1 teaspoon (3 gm) five spice
*(1 tablespoon=15 ml, 1 teaspoon=5 ml)
Trim the pork loin to remove fat and tendon and slice lengthways so you have two long pieces, then cut in half. Place in container that you will be marinating them in.
Combine all the other ingredients in a bowl and mix well to combine.
Cover pork well with ⅔ of the marinade mixture. Marinate for a minimum of 4 hours, I find it is best left to marinate overnight. Place the reserved ⅓ portion of the marinade covered in the fridge. You will use this as a baste when cooking the pork.
Follow the desired cooking method.
*There were several cooking methods suggested and I chose to sear the cha siu on a hot pan and then roasted it in a preheated 350 degrees farenheit oven for about 20 minutes.
Makes 20 Servings

Filling Ingredients:
350 grams Cha Siu (finely diced)

2 Shallots (finely diced)
1 Tablespoon Dark Soy Sauce
2 Tablespoons Oyster Sauce

1 teaspoon Sesame Oil
1/4 cup Chicken Stock
1 teaspoon Cornflour
1/2 Tablespoon Vegetable Oil

Heat vegetable oil in wok or pan. Saute shallots for one or two minutes until soft. Add diced cha siu to wok/pan and stir. Add oyster sauce, dark soysauce and sesame oil to the pork mixture. Stir fry for one minute. Mix cornflour and stock together and add to pork mixture. Stir well and keep cooking until mixture thickens, 1 or 2 minutes. Remove mixture from work/pan and place in a bowl to cool. Set aside until ready to use.

Bun Ingredients:

1 cup Milk, scalded

1/4 cup Sugar

1 Tablespoon Oil
2 1/2 teaspoons of dried yeast

3 cups plain Flour
Scald milk and stir in sugar, oil and salt. Leave to cool until it is lukewarm. Once it is the right temperature, add the yeast, leave until yeast is activated and it becomes frothy 10-15 minutes. Sift flour in a large bowl. Add yeast-milk mixture to flour. Mix flour mixture together with your hands. Place dough on a lightly floured surface and knead 10 minutes. The dough should be smooth and slightly elastic. Place in a lightly oiled bowl and cover with a damp cloth. Leave to rise until it is doubled in size. This will take 1-2 hours depending on the weather condition. Punch dough down and divide into 20 equal portions. Roll each dough into a 7-8 cm round. Place one tablespoon of filling in the middle, gather the edges together at the top and place on an 8 cm square of baking or wax paper. Repeat until all dough is used up. Cover and let rise for 20 minutes. Place buns in steamer, leaving space between the buns. Heat water in a pan or wok and place steamers one on top of each other. Place lid and steam for approximately 12 minutes.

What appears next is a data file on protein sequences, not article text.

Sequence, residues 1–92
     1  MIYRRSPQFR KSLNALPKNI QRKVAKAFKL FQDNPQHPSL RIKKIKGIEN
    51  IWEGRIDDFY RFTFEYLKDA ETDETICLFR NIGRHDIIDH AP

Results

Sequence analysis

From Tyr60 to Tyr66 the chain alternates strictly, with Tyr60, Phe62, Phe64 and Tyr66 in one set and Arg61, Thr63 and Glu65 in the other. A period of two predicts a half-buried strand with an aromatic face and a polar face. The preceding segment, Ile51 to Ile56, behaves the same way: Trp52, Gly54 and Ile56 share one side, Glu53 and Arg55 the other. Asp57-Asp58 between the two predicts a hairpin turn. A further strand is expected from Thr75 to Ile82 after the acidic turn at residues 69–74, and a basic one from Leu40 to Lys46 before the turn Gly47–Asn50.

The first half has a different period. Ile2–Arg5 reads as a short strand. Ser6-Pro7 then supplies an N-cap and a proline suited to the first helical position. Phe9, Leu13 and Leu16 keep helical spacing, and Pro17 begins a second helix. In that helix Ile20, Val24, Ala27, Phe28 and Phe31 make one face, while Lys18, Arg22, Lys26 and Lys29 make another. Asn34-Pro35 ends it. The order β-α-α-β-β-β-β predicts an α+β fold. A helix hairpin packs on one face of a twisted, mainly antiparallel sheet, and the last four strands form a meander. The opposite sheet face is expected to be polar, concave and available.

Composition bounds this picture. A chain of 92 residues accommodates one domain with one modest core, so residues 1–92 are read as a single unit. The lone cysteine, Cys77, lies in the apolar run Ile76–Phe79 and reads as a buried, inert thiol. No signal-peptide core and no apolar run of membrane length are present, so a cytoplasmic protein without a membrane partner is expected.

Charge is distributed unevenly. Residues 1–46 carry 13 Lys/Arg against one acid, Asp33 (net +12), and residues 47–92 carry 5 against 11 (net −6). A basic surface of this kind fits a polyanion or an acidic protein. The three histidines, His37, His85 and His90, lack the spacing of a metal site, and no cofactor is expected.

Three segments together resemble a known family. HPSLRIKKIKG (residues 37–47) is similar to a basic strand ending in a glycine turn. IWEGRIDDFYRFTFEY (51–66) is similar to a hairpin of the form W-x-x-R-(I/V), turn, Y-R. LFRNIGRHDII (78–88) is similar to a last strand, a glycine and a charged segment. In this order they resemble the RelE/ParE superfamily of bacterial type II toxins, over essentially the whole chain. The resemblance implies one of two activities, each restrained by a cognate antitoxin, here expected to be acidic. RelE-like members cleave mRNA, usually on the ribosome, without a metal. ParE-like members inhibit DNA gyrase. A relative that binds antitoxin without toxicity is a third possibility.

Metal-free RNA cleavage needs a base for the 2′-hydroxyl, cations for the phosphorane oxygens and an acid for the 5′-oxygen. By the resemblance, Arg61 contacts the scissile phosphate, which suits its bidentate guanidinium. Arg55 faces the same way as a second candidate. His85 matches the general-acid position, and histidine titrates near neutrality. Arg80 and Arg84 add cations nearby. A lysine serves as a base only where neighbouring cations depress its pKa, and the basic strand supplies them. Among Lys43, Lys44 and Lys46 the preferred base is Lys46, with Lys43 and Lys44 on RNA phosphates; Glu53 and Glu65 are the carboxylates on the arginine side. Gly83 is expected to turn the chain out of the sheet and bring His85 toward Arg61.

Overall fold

I made a simple sweet-salty sauce for my cha siu bao. Everyone at home liked them. Thank you Sara for this awesome challenge! Do check out the other Daring Cooks' versions, you won't be disappointed!